How Individuals, Social Media and Al Jazeera Are Changing Pakistan, Egypt and Tunisia
This book explores social media as an alternative channel of communication and resistance in Pakistan, Tunisia and Egypt, and argues that the term "Arab Spring" limits the scope of acknowledgement for the ongoing online and offline political uprisings in the Muslim World, which started beyond the geographical boundaries of the Middle East. Beginning with an exploration of the pivotal role of Al Jazeera and how it used social media content from protestors to make the uprisings a global conversation, this book takes readers through an overview of creative political protests in each of the three case countries, before delving into an in-depth examination of a specific icon that sparked each revolution in question, and an overview of social movements and the politico-cultural context in each country. In closing, this book offers an understanding on how the new collective memories of nations using social media to protest will affect future generations who are striving to rise against authoritarian regimes, including the Algerian Spring that is ongoing in 2019.
This book can appeal to a wide range of audiences, both inside and outside the academic world. Within academia, courses covering topics such as social media, social movements, comparative politics, Middle Eastern studies and global communication could use this book as a learning tool. In non-academic settings, journalism practitioners could benefit from this book to examine how social media can be an alternate media in the absence of traditional media, and how traditional news media outlets can collaborate with and utilize social media to perform their journalistic duty in oppressive regimes.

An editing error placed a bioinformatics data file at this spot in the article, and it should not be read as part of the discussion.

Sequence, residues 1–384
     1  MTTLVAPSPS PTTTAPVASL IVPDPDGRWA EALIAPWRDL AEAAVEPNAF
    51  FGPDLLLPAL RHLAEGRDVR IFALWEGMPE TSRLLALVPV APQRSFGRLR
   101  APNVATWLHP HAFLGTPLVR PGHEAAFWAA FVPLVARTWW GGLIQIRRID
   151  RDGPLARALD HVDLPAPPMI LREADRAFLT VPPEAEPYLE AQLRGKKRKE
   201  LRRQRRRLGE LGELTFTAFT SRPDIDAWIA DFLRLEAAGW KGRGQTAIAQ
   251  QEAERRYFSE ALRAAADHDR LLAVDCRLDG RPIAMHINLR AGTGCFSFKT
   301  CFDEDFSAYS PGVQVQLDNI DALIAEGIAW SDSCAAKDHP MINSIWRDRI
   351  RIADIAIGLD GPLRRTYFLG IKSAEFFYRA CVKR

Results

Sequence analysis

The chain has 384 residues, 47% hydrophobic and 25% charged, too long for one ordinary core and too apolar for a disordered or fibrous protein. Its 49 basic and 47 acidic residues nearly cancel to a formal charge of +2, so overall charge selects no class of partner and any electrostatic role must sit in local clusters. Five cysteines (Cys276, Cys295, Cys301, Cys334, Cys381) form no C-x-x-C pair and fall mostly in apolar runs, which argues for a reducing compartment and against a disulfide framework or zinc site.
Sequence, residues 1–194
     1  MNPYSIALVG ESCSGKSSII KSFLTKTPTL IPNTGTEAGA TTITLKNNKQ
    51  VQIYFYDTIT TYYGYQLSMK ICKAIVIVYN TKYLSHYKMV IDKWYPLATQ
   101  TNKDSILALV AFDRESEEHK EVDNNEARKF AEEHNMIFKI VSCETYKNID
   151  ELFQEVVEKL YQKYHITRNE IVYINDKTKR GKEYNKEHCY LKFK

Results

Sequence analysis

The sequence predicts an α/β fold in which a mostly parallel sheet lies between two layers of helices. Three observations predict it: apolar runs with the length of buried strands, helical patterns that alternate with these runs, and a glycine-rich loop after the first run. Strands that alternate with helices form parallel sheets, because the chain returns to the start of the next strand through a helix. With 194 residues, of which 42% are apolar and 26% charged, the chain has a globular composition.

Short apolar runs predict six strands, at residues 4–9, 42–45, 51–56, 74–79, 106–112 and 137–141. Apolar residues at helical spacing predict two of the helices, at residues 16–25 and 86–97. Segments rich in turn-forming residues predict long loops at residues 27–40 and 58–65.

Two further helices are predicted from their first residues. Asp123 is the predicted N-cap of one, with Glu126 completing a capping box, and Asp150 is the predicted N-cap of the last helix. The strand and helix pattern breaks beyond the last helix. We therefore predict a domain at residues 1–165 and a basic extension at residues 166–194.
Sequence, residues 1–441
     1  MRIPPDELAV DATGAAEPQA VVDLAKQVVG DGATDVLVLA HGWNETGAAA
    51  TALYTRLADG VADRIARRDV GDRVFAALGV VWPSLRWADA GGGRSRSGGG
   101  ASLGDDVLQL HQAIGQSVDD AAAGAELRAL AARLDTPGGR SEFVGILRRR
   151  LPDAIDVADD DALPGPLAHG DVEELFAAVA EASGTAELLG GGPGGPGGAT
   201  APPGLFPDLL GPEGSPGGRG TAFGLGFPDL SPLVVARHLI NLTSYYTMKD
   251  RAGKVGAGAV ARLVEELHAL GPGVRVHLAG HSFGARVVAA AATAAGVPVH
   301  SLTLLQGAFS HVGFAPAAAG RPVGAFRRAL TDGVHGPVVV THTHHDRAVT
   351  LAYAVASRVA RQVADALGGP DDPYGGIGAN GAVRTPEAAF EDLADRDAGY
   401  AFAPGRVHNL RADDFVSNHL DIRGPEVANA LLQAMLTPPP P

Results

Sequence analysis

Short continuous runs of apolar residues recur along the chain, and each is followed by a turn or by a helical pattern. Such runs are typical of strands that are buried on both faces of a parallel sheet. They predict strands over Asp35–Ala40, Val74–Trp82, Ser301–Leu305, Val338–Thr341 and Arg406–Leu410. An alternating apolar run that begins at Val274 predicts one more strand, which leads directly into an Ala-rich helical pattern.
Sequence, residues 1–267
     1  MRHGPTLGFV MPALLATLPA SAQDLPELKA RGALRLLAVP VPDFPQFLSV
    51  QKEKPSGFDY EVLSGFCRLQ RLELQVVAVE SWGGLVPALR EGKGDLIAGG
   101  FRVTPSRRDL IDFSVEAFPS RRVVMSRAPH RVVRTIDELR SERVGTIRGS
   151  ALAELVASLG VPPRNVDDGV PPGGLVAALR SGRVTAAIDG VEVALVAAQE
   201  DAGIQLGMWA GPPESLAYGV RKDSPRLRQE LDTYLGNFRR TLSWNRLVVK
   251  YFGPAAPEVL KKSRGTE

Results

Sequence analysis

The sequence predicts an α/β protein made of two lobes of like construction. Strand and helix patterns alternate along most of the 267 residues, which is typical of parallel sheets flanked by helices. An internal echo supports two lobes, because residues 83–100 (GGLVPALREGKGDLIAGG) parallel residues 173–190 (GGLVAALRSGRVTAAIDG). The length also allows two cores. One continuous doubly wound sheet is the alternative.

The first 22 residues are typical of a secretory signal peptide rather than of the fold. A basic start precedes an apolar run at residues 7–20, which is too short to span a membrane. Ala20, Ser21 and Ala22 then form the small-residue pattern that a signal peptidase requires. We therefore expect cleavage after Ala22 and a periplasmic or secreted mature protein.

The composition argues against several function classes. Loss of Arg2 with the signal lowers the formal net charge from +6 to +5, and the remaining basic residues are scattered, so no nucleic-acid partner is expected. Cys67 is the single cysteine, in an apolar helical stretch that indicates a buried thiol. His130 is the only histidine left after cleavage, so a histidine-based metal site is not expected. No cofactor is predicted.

9 Politico-Cultural Context of Egypt
Politico-Cultural Context of Egypt
Egypt, a transcontinental Arabic speaking country, has a population of over 99 million people with a population growth rate of 2.38% (CIA, 2019; Cook, 2012). Greeks, Romans, Byzantines, Persian, Arabs and the British ruled Egypt, whose history dates back to 3200 BCE (CIA, 2019). The country gained its full freedom from the British-backed monarchy in 1952, although its freedom came with the challenges of a poor economy, debt, a rapidly growing population and limited resources (CIA, 2019). The legal system of the country is a complex one. It practices a “mixed legal system [,which is] based on Napoleonic civil and penal law, Islamic religious law, and vestiges of colonial-era laws” (CIA, 2019, para. 8). With a steady unemployment rate of 12.2%, more than 27.8% of the population of Egypt is currently living below the poverty line (CIA, 2019). In terms of ethnicity, nearly 90% of Egyptians are Muslims, and the rest of the population represents different sects of Christian minorities in the country (CIA, 2019).
Just like several other countries in the Muslim world, Egypt continues to share similar challenges on its social and political fronts that include, but are not limited to: a long history of dictatorship, lack of freedom of expression and speech, government-controlled mass media, corruption, nepotism and unequal distribution of economic opportunities among the citizens. Among these challenges, the most significant one that needs to be discussed and understood ←135 | 136→is the constitutional framework...
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